Social media’s journey to Southeast Asia

Christopher Wylie, Cambridge Analytica whistle-blower, invited by the European Commission to speak at the annual colloquium on fundamental rights, answers a journalist as part of an interview on 26 November, 2018 in Brussels. (François Walschaerts / AFP Photo)

In March, multiple media outlets broke the news of Cambridge Analytica's business practices. Among some of the things that were reported was that the company had acquired and used personal data about Facebook users from an external researcher who had told Facebook he was collecting it for academic purposes.

Shortly afterwards, Channel 4 News aired undercover investigative videos showing Cambridge Analytica CEO Alexander Nix boasting about using prostitutes, bribery sting operations, and honey traps to discredit politicians on whom it conducted opposition research, saying that the company "ran all of (Donald Trump's) digital campaign".

In response to the media reports, the Information Commissioner of the United Kingdom (UK) pursued a warrant to search the company's servers. Facebook banned Cambridge Analytica from advertising on its platform, saying that it had been deceived. On 23 March 2018, the British High Court granted the Information Commissioner's Office a warrant to search Cambridge Analytica's London offices.

The personal data of approximately 87 million Facebook users was acquired via the 270,000 Facebook users who used a Facebook app called "This Is Your Digital Life." By giving this third-party app permission to acquire their data, back in 2015, this also gave the app access to information on the user's friends network. This, in turn, resulted in the data of about 87 million users (a majority of whom had not explicitly given Cambridge Analytica permission to access their data) being collected. The app developer breached Facebook's terms of service by giving the data to Cambridge Analytica.

Anti-social media movement

The incident led to a campaign known as #DeleteFacebook which, as its name suggests, urged others to delete their Facebook accounts. While the movement did not gain much traction in its initial stages, a recent study by the Pew Research Centre on Facebook trends in the United States (US) suggests that the movement may be becoming more popular.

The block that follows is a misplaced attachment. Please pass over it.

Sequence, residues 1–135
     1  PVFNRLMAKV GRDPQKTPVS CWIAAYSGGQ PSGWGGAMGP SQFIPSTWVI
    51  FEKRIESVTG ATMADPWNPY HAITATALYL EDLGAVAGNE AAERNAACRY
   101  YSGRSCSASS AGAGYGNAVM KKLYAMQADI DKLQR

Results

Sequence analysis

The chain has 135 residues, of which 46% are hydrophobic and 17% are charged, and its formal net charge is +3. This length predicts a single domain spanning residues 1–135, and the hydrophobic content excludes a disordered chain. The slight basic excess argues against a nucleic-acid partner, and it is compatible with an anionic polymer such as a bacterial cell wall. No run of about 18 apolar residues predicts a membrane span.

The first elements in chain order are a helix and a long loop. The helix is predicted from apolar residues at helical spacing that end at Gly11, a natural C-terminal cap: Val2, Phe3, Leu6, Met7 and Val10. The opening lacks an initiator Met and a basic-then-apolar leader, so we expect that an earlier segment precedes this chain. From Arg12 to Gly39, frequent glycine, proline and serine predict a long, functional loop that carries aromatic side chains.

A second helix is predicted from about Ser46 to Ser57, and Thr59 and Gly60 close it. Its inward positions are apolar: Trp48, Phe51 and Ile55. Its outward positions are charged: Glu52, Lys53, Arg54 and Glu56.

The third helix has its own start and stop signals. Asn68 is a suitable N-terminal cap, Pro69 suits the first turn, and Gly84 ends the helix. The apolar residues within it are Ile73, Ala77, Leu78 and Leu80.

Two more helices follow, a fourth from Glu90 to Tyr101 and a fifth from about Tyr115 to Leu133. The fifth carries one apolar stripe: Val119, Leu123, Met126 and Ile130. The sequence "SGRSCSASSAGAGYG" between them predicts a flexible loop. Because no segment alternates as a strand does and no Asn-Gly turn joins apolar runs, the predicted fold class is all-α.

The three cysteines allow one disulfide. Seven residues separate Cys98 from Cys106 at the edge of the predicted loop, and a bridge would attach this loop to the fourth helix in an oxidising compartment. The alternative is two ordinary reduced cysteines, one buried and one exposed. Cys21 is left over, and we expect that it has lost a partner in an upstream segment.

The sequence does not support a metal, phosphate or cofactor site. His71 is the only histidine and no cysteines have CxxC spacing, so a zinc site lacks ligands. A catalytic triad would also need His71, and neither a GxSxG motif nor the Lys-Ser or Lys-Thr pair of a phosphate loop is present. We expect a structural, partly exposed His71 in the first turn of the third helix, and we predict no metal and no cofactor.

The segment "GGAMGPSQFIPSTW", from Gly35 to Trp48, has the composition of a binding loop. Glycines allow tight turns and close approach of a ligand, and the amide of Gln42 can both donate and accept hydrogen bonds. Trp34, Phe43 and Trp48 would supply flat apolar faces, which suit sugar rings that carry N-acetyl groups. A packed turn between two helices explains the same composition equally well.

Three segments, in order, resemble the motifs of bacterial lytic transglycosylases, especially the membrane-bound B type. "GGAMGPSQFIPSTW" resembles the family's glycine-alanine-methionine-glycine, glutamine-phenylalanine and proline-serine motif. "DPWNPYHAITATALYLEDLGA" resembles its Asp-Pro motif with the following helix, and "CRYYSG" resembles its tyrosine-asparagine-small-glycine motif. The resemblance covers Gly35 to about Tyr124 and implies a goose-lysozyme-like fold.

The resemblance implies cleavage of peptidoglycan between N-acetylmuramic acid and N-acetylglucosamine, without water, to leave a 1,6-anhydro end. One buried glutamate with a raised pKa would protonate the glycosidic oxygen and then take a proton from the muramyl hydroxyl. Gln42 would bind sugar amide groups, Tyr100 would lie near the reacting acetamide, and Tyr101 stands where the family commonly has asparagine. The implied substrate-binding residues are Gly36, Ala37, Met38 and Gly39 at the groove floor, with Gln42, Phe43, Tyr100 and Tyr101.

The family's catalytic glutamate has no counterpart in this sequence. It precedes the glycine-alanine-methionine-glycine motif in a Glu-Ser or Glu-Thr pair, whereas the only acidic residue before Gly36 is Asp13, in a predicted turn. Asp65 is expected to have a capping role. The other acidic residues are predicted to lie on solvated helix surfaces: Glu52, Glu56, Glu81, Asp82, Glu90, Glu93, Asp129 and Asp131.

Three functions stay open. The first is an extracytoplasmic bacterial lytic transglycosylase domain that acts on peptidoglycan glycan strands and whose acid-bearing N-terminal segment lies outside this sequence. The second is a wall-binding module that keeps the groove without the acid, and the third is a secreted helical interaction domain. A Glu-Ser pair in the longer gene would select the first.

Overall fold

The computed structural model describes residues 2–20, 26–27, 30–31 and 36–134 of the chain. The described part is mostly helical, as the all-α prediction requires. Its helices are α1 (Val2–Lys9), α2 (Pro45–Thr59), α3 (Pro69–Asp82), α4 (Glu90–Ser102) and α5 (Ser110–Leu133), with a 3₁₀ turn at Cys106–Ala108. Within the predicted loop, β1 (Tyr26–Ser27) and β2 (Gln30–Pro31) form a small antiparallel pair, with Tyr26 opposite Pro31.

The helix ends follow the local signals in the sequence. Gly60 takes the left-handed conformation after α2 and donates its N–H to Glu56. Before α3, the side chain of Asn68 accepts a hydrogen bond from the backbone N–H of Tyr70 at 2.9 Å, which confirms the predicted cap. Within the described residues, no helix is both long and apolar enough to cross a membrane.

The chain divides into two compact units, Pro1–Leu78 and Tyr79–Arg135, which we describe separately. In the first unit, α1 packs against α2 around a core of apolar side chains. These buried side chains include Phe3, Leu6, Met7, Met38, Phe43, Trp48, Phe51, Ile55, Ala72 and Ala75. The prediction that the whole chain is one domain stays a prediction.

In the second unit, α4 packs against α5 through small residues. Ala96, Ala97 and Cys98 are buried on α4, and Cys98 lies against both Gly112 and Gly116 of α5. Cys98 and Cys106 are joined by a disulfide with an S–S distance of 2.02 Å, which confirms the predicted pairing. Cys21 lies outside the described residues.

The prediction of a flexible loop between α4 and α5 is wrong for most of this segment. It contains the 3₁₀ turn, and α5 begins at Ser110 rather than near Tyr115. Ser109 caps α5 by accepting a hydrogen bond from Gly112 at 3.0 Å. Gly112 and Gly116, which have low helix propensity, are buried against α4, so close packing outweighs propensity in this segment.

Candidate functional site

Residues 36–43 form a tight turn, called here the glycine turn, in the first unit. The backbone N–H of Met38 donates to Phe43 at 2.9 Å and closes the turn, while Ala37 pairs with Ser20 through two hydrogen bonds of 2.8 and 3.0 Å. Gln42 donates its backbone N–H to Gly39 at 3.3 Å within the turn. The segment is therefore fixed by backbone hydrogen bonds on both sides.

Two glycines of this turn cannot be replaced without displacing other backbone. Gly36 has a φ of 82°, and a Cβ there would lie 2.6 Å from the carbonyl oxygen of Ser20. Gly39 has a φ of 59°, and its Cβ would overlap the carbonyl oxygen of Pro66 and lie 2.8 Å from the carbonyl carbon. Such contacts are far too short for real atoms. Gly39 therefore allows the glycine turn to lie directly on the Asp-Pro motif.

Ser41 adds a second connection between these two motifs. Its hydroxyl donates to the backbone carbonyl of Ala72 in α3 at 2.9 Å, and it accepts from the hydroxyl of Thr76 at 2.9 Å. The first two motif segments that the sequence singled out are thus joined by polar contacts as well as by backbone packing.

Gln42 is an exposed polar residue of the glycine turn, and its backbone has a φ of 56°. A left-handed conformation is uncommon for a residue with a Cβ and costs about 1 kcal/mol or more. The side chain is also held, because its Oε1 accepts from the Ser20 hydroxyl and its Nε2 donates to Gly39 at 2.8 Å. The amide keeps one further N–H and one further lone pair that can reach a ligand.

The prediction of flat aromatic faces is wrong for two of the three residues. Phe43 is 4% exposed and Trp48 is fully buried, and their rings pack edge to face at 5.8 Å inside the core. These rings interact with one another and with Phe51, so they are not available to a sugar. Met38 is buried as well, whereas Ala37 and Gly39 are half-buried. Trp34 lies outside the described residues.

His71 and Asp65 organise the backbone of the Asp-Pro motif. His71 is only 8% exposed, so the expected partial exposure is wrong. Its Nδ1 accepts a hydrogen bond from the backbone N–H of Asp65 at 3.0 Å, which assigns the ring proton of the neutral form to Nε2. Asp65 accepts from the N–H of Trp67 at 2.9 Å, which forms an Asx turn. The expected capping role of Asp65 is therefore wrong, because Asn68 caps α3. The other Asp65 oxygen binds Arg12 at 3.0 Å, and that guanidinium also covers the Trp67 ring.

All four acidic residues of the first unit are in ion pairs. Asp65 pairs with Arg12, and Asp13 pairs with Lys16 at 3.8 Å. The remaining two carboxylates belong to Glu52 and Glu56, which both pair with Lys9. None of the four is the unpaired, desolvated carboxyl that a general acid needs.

The study, conducted between 29 May to 11 June, found that just over half of Facebook users aged 18 and older (54 percent) say they have adjusted their privacy settings in the past 12 months. Around four-in-10 (42 percent) say they have taken a break from checking the platform for a period of several weeks or more, while around a quarter (26 percent) say they have deleted the Facebook app from their mobile phones. All told, some 74 percent of Facebook users say they have taken at least one of these three actions in the past year.

This, however, is what’s been happening in the West. Meanwhile, in ASEAN countries, social media numbers are hitting the roof.

According to We Are Social and Hootsuite’s 2018 report, all countries in Southeast Asia have significant numbers when it comes to social media penetration. Most of these countries have also reported a significant increase in the number of social media users.

Even in less developed countries like Lao PDR, the number of social media users has increased by 33 percent this year since January 2017. In comparison, even Singapore, which is well familiar with social media, has seen an increase of nine percent compared to January 2017.

Source: We Are Social

Leveraging on the ASEAN market

Google also found that in general, Southeast Asia will be the next major boom market for e-commerce in the Asia-Pacific region. In an interview with local media, Marc Woo, Google Malaysia’s country manager said there were two reasons for this: a growing middle class and rapidly expanding internet access.

As the Western world seems to be increasingly disenchanted with social media, there is a likelihood that ASEAN countries will also follow suit later. As of now, however, social media penetration in ASEAN is growing strong and it’s almost a certainty that Western companies - especially those which rely heavily on social media marketing including social media platforms themselves - would have taken a notice of this.

It is likely that countries including Malaysia, Thailand and Indonesia have realised the importance of ASEAN’s market to both, social media and online businesses, which would explain these countries’ governments’ recent decision to find a way to tax online businesses. This would indeed be an important step in the right direction for ASEAN governments as there is huge revenue to be leveraged on with regards to ASEAN’s connected population. As yet, there seems to be very little that the peoples of ASEAN as a whole stand to gain from companies like Facebook and Amazon who are raking in the billions.

The Cambridge Analytica incident should be a cautionary tale for the region. There have already been numerous cybercrime cases in Southeast Asia where personal data has been leaked to hackers. While social media continues to grow, ASEAN must also grow to understand that there is a very real possibility that their personal data might be encroached upon for various unknown personal agendas.

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